Perhaps sadly, Uggle wasn’t…
09 +00002013-11-03T14:21:20+00:0030 2012 § 8 Comments
I’ve written several times about the importance of place in my novels and how much I admire writers who can evoke a specific place (whether real or fictional) and imbue it with its own particular character and atmosphere. Fictional places that I love include Margaret Mitchell’s Tara, Daphne du Maurier’s Manderley, Evelyn Waugh’s Brideshead and Gerald Durrell’s Corfu (the last perhaps not strictly speaking fictional, but still, I’m certain, an embroidered and selective portrayal of the island as it existed when he moved there with his family).
Towns, villages and hamlets in the area of South Lincolnshire where I grew up have some wonderful names: Spalding itself (named after a sixth century Anglian tribe called the Spaldingas), Whaplode, Quadring Eaudyke, Gosberton Risegate, and, perhaps the one I like best, Pode Hole (which, apparently, is Anglo-Saxon for ‘the place of the toad’). Today Pode Hole is a very small village, best known for the pumping station which was opened in 1965 and is already a Grade II listed building. It connects two waterways to Vernatt’s Drain, an astonishing feat of late seventeenth century engineering which began the long, slow process of draining the Fens. (I’ve read that Vernatt’s real name was Baron Philibert Vernatti, and that he was ‘an adventurer’. I’d certainly like to have met him!)
Place names in South Yorkshire are also evocative. There is Silkstone (which sounds beautiful, but was once quite a grim mining village); Hoylandswaine, which reads like the name of a bucolic lover but more prosaically means ‘a spur of land jutting out from a hill’; Durkar (which means ‘grit marsh’, but to me has always sounded Asian: a rather exotic cross between ‘durbar’ and ‘gurkha’) and Goldthorpe and Grimethorpe (the Danish ‘thorp’ referring to a small new settlement next to a larger village).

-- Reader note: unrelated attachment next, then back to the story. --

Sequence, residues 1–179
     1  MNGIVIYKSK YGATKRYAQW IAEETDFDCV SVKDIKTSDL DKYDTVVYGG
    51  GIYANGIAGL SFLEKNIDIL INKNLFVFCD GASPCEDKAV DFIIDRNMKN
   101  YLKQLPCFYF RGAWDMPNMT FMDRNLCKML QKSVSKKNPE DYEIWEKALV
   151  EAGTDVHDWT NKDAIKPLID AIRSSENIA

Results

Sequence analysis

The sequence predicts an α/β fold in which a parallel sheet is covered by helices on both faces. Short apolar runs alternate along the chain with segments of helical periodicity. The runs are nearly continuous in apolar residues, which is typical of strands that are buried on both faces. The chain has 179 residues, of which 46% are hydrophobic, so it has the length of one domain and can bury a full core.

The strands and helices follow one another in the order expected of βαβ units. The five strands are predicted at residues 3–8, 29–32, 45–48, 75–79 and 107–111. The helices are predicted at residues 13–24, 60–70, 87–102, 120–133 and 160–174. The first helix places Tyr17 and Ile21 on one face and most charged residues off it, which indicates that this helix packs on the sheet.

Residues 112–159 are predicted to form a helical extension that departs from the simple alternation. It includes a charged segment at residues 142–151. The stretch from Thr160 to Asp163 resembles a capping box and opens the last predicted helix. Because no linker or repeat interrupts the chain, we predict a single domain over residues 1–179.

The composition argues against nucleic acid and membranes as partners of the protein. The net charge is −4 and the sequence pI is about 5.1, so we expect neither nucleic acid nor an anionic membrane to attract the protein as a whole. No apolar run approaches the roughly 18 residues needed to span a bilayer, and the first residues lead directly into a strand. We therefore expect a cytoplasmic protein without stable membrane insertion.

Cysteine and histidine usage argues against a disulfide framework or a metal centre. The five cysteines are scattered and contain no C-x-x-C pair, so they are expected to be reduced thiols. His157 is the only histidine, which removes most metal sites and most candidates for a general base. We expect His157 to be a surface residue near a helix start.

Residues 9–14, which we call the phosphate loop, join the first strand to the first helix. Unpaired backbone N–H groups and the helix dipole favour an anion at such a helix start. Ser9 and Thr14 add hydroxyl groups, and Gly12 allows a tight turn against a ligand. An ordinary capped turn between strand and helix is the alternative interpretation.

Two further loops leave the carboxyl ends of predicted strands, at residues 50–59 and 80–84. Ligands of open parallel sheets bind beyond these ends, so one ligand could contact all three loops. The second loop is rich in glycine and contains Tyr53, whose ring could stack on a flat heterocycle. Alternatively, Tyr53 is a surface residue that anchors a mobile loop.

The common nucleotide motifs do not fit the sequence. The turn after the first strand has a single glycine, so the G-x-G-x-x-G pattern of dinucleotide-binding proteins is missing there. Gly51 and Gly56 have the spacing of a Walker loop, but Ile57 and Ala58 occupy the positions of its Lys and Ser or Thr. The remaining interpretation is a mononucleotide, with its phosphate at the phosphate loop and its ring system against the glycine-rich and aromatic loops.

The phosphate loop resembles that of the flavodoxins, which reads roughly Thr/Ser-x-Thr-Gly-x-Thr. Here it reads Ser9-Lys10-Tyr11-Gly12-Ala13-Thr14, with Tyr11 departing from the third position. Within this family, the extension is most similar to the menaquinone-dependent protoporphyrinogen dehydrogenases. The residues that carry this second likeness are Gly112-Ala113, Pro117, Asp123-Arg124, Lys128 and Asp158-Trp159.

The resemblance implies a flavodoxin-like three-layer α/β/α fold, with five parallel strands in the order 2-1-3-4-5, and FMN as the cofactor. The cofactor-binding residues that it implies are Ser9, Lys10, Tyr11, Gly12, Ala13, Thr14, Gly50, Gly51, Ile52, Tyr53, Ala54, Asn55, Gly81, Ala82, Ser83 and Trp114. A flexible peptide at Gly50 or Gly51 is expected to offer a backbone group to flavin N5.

Many of these Yorkshire place-names are Norse or Danish in origin. There is an even greater concentration of such Scandinavian names on the East coast, particularly in the Scarborough – Robin Hood’s Bay area and its hinterland. My all-time favourite is Ugglebarnby.
As a family, we’ve passed through Ugglebarnby many times on our way to a day out at the coast. Knowing that ‘-by’ is the Norse suffix for ‘the place of’, we’ve always assumed that Ugglebarnby meant ‘the place of Uggle’s barn’. We’ve had fun speculating about Uggle: we’ve discussed how he probably came storming inland, straight off his dragon-prowed longboat, saw a likely-looking Saxon barn and laid claim to it and the adjoining village, thereafter fighting off all challengers and making it quite clear to whom the barn belonged by emphatically slapping his name on it. My husband and son, both tall and red-haired, and with ancestors in the female line whose surname was definitely of Norse origins, like to imagine themselves as modern incarnations of fierce manly Vikings – sailing the oceans, whirling sharp battleaxes and certainly getting their own way (the desire to do this is still a pronounced family trait) in claiming new territories. They’ve therefore always felt a strong affinity with Uggle. Perhaps because of my own Saxon origins, I’ve imagined him as quite a sinister character, probably reclusive, a hulking, brooding giant emerging like a Rottweiler from his homestead (plus barn) to defend it against all comers.
Today I’ve disappointed myself a little, therefore, by looking up Ugglebarnby in The Concise Oxford Dictionary of English Place-Names, only to discover that its meaning is ‘the owl at Bardi’s place’. Now Bardi might have been just as bloodthirsty and truculent as Uggle, but somehow I doubt it: he was obviously nice to owls, and whether or not he had a barn is not recorded. A bit of a let-down!
We could have looked up the name years ago – The Concise Oxford Dictionary of English Place-Names was left to my husband by his first boss, who died at some point in the 1980s – but I’m glad that we didn’t. If we had, all those fantastical conversations on the way to the coast would never have happened. But one crucial thing hasn’t changed: Ugglebarnby is still a peerless place-name!
[Click on photographs to enlarge them.]
Perhaps you have your own favourite place names; if so, I should very much like to hear of them.
All text and photographs on this website © Christina James